US President Donald Trump on Sunday said he was replacing Defense Secretary James Mattis on January 1 with deputy defence secretary Patrick Shanahan in an acting capacity after Mattis resigned over policy differences and offered to stay in his post for two more months.
Trump announced Shanahan’s appointment in a tweet, calling the former Boeing Co executive “very talented” and said that he had a “long list of accomplishments”.
Lieutenant Colonel Joseph Buccino, a spokesman for Shanahan, said the former Boeing executive will accept the appointment as acting secretary.
“Deputy Secretary will continue to serve as directed by the president, and the Department of Defense will remain focused on the defense of the nation,” Buccino said on Sunday.
Mattis told Trump in his resignation letter that he was leaving because “you have a right to have a Secretary of Defense whose views are better aligned with yours”.
Mattis said he would stay through February to ensure an orderly transition.
Earlier on Sunday, Trump’s acting chief of staff said that Trump had known for “quite some time now” that he and Mattis “did not share some of the same philosophies … have the same world view”.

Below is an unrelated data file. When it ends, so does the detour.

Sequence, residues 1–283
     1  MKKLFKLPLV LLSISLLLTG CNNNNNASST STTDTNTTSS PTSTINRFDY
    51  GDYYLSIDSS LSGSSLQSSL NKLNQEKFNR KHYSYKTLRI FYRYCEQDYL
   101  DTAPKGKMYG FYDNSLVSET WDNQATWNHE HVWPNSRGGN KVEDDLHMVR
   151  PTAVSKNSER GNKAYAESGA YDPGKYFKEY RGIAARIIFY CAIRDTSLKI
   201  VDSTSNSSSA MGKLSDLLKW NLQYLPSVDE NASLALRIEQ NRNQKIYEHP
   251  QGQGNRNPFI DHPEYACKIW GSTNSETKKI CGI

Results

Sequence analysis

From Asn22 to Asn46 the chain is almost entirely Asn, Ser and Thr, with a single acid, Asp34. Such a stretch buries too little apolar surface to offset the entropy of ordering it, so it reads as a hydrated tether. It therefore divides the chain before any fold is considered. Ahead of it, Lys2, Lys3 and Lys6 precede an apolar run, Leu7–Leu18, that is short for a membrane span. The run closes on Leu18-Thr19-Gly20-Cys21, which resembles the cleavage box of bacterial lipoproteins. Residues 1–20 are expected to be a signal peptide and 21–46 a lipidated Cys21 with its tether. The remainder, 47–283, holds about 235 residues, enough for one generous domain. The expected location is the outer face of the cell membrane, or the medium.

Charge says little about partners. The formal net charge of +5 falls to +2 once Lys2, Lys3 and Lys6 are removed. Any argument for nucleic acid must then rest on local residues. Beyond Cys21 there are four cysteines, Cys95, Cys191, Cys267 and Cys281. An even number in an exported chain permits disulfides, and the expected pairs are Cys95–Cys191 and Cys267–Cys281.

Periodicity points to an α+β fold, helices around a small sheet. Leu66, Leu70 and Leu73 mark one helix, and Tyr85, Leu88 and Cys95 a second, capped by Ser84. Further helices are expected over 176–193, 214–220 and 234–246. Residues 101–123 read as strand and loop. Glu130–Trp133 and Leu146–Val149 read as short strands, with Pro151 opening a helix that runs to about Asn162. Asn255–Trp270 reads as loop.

Mick Mulvaney told ABC’s “This Week” that the president and his defense chief “just could never get on the same page” on Syria, adding that Trump had said since his presidential campaign that “he wanted to get out of Syria”.
|Shanahan (L) was a longtime Boeing Co executive [File: Joshua Roberts/Reuters]|
Asked whether Trump wanted a Pentagon leader willing to challenge him or someone in lock step with his views, Mulvaney said “a little bit of both”.
“I’ve encouraged him to find people who have some overlap with him but don’t see the world in lockstep with him,” Mulvaney said.
Trump’s decision to pull US troops out of Syria has been sharply criticised for abandoning Washington’s Kurdish allies. Many also say the move will create the same conditions that gave rise to the Islamic State of Iraq and the Levant (ISIL, also known as ISIS).
Mattis, in his resignation letter, emphasised the importance of standing up for US allies – an implicit criticism of the president’s decision on this issue and others.
“While the US remains the indispensable nation in the free world, we cannot protect our interests or serve that role effectively without maintaining strong alliances and showing respect to those allies,” Mattis wrote.
Another key player on the Middle East, Brett McGurk, also said he was leaving after years in charge of the war against the ISIL. He too opposed Trump’s new Syria policy.